There are already global bonds and impact investment funds out there that are providing critical water, finance, sanitation, renewable energy, and healthcare services and solutions to emerging market consumers and low-income families. What if I were to tell you that they can actually reduce risk in a portfolio and deliver financial returns that are just as attractive—if not more attractive—than the private equity funds and government bonds people continue to bet on (which are, consequently, not moving the needle on climate change)?

That’s right—they do exist. Just look at LeapFrog Investments, Ellevest, WaterEquity, Beyond Capital Ventures, Root Capital, and Acumen. These are all purpose-driven firms that not only help meet ESG requirements, but also help drive growth and profitability—and they’ve had enormous success in doing so.

Hiring differently

Identifying investment opportunities like these will require businesses to hire differently–which means hiring a greater percentage of women and diverse team members. They need to recruit talent and board members who understand the immense value of these investment opportunities, and the markets in which they exist.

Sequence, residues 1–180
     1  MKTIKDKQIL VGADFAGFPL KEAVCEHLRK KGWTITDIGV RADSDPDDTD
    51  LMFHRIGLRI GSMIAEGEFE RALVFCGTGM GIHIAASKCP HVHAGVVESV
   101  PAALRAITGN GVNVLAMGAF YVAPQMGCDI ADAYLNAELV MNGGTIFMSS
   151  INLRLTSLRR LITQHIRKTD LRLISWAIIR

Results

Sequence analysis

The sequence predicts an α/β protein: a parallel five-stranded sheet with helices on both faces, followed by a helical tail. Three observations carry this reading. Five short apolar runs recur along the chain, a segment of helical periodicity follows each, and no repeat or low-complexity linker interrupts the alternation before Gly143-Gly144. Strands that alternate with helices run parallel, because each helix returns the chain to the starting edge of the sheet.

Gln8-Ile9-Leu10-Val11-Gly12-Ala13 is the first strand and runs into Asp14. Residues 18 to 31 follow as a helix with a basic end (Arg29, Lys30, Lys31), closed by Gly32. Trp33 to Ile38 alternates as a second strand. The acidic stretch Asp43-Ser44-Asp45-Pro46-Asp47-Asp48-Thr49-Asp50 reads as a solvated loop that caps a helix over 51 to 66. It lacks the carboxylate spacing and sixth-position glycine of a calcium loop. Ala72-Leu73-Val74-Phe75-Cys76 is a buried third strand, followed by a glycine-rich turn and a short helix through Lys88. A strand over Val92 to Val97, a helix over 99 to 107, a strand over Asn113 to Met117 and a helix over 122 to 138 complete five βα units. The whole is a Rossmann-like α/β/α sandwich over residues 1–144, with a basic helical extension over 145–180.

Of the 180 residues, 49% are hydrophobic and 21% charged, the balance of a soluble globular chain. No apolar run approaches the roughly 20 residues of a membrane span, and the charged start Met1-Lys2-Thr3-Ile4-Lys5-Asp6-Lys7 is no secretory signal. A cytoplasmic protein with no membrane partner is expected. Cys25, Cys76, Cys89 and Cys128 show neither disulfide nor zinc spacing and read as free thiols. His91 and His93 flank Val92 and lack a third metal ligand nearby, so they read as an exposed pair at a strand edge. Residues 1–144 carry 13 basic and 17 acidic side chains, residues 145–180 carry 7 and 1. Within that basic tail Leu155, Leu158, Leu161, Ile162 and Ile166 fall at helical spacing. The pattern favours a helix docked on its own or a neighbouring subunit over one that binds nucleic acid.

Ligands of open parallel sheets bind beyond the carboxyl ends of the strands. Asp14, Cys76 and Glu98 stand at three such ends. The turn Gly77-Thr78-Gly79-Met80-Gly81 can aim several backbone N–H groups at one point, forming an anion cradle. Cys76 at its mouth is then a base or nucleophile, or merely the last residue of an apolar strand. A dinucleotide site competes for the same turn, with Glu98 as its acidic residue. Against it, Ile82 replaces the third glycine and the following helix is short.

To Gender Smart Investing Founder Suzanne Biegel’s point, when it comes to climate change  investments, it just doesn’t make sense to ignore 50% of the population on your investment, sourcing, due diligence, and research teams—whether you’re looking at entrepreneurs, leaders, innovators, customers, or suppliers. In other words: It’s critical to hire more people who look and think differently than you. Boston Consulting Group found a strong correlation between gender and racial equity and business performance, with leaders seeing higher rates of revenue growth, stronger innovation, and greater employee and customer satisfaction.

Leaders are paving new path forward

Now, the reality is that many in the business and financial industries admittedly didn’t sign up to figure out how to solve climate change or the global water crisis. Many attended business schools that taught them to place profit at the forefront of decision-making. However, there are pockets of incredible industry leaders who are paving a new path forward. And it is these leaders—the Microsofts, Chobanis, IKEAs, Patagonias, and Ellevests of the world—that will define the future.